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Wednesday, August 7, 2013

Wuhan uses GPS to address food waste pollution

As reported by The Chinese city of Wuhan (武汉) [referred to as the Chicago of China] is equipping waste collection trucks and trash cans with a digital weighing and GPS device to combat the problem of "gutter oil", or illegally recycled cooking oil.

The initiative will begin operations from December when legislation mandating the integrated collection and processing of kitchen waste kicks in, according to a China Daily report Monday. The new regulation defines edible oil waste as a combination of water and oil collected from kitchen ventilators, oil water separators or sewage facilities.

The integrated system will monitor all waste in the Hubei (湖北) capital [meaning 'north of the lake'], including food leftovers, scrap materials, and edible oil waste from food and beverage outlets, canteens, and factories dealing with food processing and production. It must be implemented in all restaurants bigger than 80 square meters.

Companies will be set up in each district to manage the collection and transport, Chen Jian, director of construction for the Wuhan Urban Management Bureau, said in the report. He added that anyone or organization found in violation of the regulation will be subject to fines.

The China Daily report noted that 621 vehicles, of which 195 will be used for edible oil waste, and 25,800 garbage cans--which all food facilities are required to use--will be equipped with the GPS and weighing system.

Chen explained that to ensure no food waste is collected to make gutter oil, the system which records GPS as well as weight data will be installed on the collection trucks, garbage cans, and oil cans of oil-water separators. "We can clearly know what the vehicles are doing, how much food waste is loaded or uploaded, and can track the vehicles with a click of a mouse in the office," he added.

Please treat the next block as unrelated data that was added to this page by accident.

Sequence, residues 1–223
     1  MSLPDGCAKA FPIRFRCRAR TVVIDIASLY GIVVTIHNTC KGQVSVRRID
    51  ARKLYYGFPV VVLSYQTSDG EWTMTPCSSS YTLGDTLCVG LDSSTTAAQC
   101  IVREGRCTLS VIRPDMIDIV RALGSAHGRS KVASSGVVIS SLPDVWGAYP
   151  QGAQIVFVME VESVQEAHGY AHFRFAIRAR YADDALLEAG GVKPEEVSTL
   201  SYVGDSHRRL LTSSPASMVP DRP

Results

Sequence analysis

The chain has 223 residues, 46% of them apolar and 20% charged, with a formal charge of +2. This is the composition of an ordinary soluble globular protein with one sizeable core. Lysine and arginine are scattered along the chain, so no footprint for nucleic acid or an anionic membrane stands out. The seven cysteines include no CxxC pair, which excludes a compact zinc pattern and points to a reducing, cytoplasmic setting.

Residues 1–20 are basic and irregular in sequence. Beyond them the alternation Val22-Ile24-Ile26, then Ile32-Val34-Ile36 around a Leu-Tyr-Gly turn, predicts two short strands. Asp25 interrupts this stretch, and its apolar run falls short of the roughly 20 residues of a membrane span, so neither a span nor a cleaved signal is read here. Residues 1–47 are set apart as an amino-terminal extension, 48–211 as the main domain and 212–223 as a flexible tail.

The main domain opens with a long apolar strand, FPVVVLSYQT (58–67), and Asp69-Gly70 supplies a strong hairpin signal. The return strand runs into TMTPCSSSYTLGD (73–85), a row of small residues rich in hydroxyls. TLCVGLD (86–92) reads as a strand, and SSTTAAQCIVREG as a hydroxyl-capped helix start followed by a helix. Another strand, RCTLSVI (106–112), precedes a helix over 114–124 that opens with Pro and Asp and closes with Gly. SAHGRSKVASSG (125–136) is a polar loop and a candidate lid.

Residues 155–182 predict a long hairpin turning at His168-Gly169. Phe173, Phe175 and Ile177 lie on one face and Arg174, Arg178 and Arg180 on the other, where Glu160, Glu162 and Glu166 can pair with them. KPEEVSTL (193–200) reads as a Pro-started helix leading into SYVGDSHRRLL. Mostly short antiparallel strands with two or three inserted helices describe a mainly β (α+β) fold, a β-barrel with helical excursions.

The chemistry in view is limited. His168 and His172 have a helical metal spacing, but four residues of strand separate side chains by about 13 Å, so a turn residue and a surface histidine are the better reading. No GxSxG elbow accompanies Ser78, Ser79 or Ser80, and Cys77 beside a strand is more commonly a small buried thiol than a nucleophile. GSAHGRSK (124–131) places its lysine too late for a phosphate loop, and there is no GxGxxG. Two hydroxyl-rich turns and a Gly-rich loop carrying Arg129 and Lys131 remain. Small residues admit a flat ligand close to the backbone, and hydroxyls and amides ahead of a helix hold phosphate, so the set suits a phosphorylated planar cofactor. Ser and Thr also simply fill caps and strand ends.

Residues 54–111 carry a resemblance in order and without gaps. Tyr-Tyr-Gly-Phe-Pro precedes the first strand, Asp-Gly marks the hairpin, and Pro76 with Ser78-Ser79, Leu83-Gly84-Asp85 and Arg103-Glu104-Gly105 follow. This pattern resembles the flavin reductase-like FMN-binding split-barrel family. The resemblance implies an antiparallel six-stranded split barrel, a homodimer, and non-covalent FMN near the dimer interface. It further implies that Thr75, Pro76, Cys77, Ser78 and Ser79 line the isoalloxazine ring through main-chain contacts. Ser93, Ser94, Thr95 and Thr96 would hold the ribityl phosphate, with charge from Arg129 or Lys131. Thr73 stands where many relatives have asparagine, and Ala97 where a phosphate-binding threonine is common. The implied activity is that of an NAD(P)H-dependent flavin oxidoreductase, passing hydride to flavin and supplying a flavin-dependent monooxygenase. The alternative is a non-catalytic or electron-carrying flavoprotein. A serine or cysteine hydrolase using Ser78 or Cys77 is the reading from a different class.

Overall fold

The devices will measure the weight of the food waste and the data kept for at least two years, as required by the new regulation, by the producer, waste collector, and transporter and processor of the food waste.

"If the weight of the food waste collected from a restaurant decreases sharply, we will investigate where the food waste goes," Chen said, adding that the new initiative is forecast to handle 60 percent of the city's food waste by end-2015.

The daily kitchen waste output in Wuhan is 1,100 tons, 55 percent that of the country's capital Beijing. The Hubei capital plans to build five waste treatment facilities, with capacity to process 200 metric tonnes of food waste each day. These plants will also produce methane and compost from the food residue.

The integrated collection and processing will also reduce pollution from the food waste to the abundant water resources, said Yu Xiao, vice-president of Wuhan Environment Sanitation Science Research Institute.

Wuhan has a 3,500-year-long history, and is one of the most ancient and civilized Metropolitan cities in China; more ancient even than Beijing.  "The famous cooking culture in Wuhan results in a large amount of food waste, which puts the large number of lakes and rivers in the city under pollution risk, as food waste usually will be deserted after the oil is extracted before the integrated collection and processing," he said.